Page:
The European Union has set itself a target of halving emissions by 2030 – which will have dramatic consequences on the shipping industry
Leaders of the European Union have set themselves a target of reducing greenhouse gas emissions in the region by 55 % by the year 2030. This goal is in line with the aim set by the European Parliament, which is of a 60% reduction in such emissions.
As reported in The Maritime Executive, the flip side of this ambitious endeavour would be a significant rise in the cost of carbon credits; while these currently trade on EU’s marketplace for Emissions Trading at anywhere between $30 to $37 a tonne, that figure could rise exponentially to $110 a tonne by 2030.
What is to be seen is whether the EU does go ahead and impose this ETS or Emissions Trading System on vessels trading across ports in Europe. If it does, shipping costs are expected to rise substantially.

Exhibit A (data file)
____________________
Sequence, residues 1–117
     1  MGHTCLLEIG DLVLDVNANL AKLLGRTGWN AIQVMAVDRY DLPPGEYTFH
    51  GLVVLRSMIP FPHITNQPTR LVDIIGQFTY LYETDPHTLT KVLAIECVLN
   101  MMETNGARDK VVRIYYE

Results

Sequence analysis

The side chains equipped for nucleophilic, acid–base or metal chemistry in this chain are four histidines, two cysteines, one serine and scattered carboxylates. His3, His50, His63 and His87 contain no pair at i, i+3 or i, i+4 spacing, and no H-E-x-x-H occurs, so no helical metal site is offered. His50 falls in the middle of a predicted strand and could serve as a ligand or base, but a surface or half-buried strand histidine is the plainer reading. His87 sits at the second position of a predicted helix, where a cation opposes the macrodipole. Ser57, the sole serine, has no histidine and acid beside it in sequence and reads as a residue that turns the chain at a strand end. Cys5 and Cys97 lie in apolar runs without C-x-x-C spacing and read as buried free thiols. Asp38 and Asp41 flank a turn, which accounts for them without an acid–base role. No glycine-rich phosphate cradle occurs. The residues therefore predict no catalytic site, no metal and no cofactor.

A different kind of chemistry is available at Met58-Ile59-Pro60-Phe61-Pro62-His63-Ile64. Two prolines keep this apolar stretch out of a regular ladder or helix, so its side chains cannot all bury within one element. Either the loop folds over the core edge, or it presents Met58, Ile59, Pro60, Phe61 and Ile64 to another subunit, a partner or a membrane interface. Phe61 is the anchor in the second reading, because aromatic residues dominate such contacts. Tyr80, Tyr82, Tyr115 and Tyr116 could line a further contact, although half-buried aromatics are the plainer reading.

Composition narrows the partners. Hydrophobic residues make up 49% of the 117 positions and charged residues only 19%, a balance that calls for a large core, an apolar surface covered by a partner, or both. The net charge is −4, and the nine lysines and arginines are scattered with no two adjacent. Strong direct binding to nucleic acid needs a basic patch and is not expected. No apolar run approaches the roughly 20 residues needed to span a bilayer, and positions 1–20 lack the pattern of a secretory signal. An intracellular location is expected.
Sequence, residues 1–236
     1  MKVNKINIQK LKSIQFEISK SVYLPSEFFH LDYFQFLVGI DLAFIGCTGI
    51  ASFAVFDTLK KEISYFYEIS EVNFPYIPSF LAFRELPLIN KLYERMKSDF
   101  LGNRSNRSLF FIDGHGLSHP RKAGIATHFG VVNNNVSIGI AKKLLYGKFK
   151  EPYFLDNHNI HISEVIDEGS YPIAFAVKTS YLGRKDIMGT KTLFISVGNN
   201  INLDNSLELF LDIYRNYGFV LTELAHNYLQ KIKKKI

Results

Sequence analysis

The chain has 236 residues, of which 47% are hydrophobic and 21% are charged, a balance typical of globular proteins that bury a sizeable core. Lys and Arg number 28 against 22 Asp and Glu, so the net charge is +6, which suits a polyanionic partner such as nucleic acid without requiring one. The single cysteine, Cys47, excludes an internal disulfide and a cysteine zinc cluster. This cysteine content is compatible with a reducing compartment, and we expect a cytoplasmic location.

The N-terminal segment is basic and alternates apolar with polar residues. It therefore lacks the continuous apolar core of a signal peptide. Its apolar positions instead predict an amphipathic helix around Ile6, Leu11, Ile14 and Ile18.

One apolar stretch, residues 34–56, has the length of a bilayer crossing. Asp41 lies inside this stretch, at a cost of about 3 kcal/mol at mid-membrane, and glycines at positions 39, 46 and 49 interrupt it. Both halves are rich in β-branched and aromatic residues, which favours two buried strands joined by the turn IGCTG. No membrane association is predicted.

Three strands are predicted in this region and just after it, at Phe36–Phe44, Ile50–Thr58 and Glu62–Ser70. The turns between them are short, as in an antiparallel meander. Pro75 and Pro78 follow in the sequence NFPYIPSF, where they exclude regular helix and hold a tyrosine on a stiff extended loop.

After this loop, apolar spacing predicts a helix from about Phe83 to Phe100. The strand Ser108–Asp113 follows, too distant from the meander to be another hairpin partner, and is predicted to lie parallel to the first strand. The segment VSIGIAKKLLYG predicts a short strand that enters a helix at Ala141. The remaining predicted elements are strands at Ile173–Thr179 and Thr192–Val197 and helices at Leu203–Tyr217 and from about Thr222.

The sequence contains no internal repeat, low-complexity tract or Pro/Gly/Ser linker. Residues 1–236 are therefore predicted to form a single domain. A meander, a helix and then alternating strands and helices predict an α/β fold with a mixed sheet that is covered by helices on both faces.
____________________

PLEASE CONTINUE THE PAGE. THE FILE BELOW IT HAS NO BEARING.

The cost implications for vessel operators are of special relevance; with a single tonne of bunker fuel turning into thrice as much CO2 when combusted, the emissions charge per tonne of fuel would go beyond $300!
At the same time, depending on the distance between traversed, the routes being taken as well as the ports being used, the eventual cost difference – especially regarding the final impact on shipping costs for end consumers, might still be nominal.